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Detroit casino September revenues down 21.7% at 15% capacity

Breana Noble
The Detroit News

Revenue from slots and table games at Detroit's three casinos fell 21.7% year-over-year in September as they operated at 15% capacity due to health concerns related to the novel coronavirus.

Revenues totaled $87.9 million last month, according to the Michigan Gaming Control Board. Taxes on those earnings represent a significant source of income for the city of Detroit. The casinos submitted $10.5 million in wagering taxes and development agreement payments to the city for September, down almost 24% from a year ago.

Revenue in September fell by 22.3% to $36.1 million at MGM Grand Detroit.

The payments to the city in August exceeded the city's early forecasts, and September's contributions were 27% more.

The casinos' revenues bring year-to-date totals down 48% compared to 2019 after the casinos reopened in early August. Revenue in September fell by 22.3% to $36.1 million at MGM Grand Detroit, 17.3% to $32.2 million at MotorCity Casino Hotel and 27.2% to $19.6 million at Greektown Casino-Hotel. They paid $7.1 million in taxes to the state of Michigan, down 22% from last year.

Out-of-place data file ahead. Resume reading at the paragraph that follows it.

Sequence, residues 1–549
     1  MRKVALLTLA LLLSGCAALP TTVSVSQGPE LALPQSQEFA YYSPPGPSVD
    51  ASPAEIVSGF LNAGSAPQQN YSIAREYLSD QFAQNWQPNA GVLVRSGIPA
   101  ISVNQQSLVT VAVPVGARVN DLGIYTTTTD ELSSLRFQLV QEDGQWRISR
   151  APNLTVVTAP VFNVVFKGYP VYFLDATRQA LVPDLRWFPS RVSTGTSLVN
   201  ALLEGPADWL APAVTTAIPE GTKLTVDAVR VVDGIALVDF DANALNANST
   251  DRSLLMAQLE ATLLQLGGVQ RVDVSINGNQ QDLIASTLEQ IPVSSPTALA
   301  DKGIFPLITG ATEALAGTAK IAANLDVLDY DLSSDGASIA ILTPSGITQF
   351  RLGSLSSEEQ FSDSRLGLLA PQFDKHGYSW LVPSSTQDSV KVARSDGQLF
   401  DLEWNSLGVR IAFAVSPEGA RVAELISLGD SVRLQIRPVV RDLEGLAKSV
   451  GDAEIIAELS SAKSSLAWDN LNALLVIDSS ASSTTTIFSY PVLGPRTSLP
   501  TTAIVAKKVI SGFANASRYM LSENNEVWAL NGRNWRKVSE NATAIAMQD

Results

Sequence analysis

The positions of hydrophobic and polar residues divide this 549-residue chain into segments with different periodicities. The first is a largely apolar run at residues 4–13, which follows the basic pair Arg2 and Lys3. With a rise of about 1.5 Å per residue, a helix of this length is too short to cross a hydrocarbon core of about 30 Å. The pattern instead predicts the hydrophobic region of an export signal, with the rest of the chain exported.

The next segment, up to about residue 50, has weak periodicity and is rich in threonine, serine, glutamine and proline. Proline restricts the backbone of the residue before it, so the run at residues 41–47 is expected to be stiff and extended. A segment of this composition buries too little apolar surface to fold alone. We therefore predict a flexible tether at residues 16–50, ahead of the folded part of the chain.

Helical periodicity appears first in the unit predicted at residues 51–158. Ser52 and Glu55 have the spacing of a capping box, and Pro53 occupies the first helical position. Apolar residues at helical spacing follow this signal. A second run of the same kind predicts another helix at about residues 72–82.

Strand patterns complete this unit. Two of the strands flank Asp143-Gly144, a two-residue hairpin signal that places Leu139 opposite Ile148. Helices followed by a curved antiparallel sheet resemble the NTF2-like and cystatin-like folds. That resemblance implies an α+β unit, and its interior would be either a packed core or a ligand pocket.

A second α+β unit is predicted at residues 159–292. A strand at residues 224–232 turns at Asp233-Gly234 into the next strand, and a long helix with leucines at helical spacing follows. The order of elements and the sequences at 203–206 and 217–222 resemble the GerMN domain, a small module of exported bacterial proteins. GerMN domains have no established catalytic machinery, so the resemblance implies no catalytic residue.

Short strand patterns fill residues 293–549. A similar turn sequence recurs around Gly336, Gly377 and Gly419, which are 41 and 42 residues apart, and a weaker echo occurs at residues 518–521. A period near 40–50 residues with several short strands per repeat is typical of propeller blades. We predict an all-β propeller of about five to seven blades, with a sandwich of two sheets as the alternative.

Capacity restrictions remain in place under rules by the Michigan Department of Health and Human Services.

The casinos also reported $4.4 million last month in qualified adjusted gross receipts from sports betting, which presents gross sports-betting receipts minus the monetary value of free-play incentives provided to and wagered by bettors. MGM represented $2.1 million of those receipts, while MotorCity represented $1.6 million and Greektown almost $723,000. The city received $202,190 of the total from taxes, and the state received $165,428.

The control board also hopes to license online gaming and sports betting by late fall, spokeswoman Mary Kay Bean said. To get the approval process started, the state has issued five internet gaming and four online sports betting provisional licenses. Final rules have been submitted to the Michigan legislature's Joint Committee on Administrative Rules. They must sit in front of the committee for 15 session days, though it also could choose to waive review or call a hearing.

Additionally, fantasy contest operators reported total adjusted revenues of $2.3 million for August and paid taxes of $189,875 to the state.

bnoble@detroitnews.com

Twitter: @BreanaCNoble